Over at TOL, we’ve been following developments rather closely of the Slovakia-born online paywall system known as Piano. This is a highly unusual story of a media-related innovation originating in our coverage region, but generating a lot of press in Western Europe and the United States (almost always, it’s the other way around). And while the system’s technology has understandably drawn much attention (similar to cable, a single fee gains access to multiple content channels), probably the company’s biggest success has been to convince fierce competitors in the same market to team up and restrict access to their sites in a way that should benefit all of them (the media outlet that takes the initial group subscription gets 40 percent; Piano gets 30 percent; and the rest is divided up according to how much time readers spent on the collected sites). I blogged about the May 2011 launch on the pages of East of Center, but since then, we’ve blogged over at NetProphet, TOL’s tech/social media blog, on Piano’s initial success in Slovakia, expansion into Slovenia, new seed funding, and further expansion into Poland, by far the biggest market and biggest test so far of the system.
OK, the amount of our coverage indicates that we’re a bit biased on the topic (TOL was a pioneer in paywalls way back in 1999, and we’re big fans of Tomas Bella, the CEO of Piano, who played a huge roll in the development of new media in Slovakia and trained for us in the not-so-distant past). But we do feel strongly that Piano is one of those few companies not simply lamenting the death of newspapers as we know them, but actually trying to figure out a way to save them. That topic is also the subject of a panel discussion that TOL is helping organize at this year’s Forum 2000 conference in Prague (and which I’ll be moderating). This year’s theme is Media & Democracy, and you can still register to attend our panel “Changing Media Business Models” and the rest of the conference, but act quickly since registration closes 11 October.
Given what I’ve written above, no one should be surprised that I’ve invited a member of Piano’s management to sit on the panel and to answer a few questions (below) in the lead-up the conference. Piano watchers know David Brauchli as the company’s chief communications offer, but they might not know that for nearly 20 years, he was a professional news photographer for some of the most prestigious media outlets in the world. Over that time, David covered many of the world’s violent conflicts and was a three-time Pulitzer Prize Finalist for his work from Sarajevo, South Africa, and Grozny.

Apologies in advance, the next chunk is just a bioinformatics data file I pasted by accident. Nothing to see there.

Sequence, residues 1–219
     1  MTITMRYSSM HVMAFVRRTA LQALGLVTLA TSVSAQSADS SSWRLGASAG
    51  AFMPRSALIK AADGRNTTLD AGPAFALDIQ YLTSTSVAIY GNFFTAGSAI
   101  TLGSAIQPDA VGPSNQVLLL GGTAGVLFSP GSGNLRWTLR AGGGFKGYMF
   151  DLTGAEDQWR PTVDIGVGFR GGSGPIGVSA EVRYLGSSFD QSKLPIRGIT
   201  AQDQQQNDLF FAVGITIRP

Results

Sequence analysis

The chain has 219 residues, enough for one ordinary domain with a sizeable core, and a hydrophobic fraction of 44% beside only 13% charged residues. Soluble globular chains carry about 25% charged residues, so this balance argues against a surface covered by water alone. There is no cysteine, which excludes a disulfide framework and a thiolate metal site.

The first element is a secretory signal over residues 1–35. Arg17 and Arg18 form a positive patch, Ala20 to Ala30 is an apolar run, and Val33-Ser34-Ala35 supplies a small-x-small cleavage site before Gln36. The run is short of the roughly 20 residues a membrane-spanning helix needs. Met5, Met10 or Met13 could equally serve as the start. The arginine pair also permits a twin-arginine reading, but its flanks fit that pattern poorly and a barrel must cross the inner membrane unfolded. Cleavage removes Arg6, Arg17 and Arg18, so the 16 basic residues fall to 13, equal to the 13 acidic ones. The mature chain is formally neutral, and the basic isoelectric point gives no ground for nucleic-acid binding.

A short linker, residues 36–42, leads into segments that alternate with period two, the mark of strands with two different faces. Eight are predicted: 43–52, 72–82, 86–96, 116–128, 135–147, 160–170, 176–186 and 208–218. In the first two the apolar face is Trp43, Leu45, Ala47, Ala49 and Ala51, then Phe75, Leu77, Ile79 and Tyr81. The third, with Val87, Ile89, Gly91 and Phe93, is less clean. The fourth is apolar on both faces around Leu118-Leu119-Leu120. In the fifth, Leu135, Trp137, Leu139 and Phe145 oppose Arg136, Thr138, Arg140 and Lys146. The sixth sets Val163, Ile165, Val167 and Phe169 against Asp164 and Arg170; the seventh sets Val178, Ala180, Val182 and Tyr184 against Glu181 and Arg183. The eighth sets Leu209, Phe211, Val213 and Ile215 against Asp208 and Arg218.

Some of our readers might still not understand the difference between a metered system and what you do at Piano. Could you please explain?
What we do at Piano is involve a majority of publishers in a single market and we get them to group content together. By grouping their content together, most publishers recognize they don’t have enough premium-type content by themselves, but they do have enough exclusive content that it would make sense for them to charge something for it. Using our system, we can take all the premium content, group it together, and sell it for added value for the end user because one low price and one login allows the ability to access all the content on any participating site. Now a metered paywall is offering content from just one particular publication, be it a paper or a magazine, and only the articles on that site. So if you want to read articles on more than one site, if you want information from five or 10 newspapers, then you have to subscribe to five or 10 different newspapers and in the end that becomes more hassle than it’s worth and you end up cutting your news-reading diet. We think that the Piano system lets you read as you would have read before, but for a very low price.
Do you foresee some kind of mixed system with certain, maybe larger countries with diverse media adopting a metered system, and other smaller countries going for something such as Piano?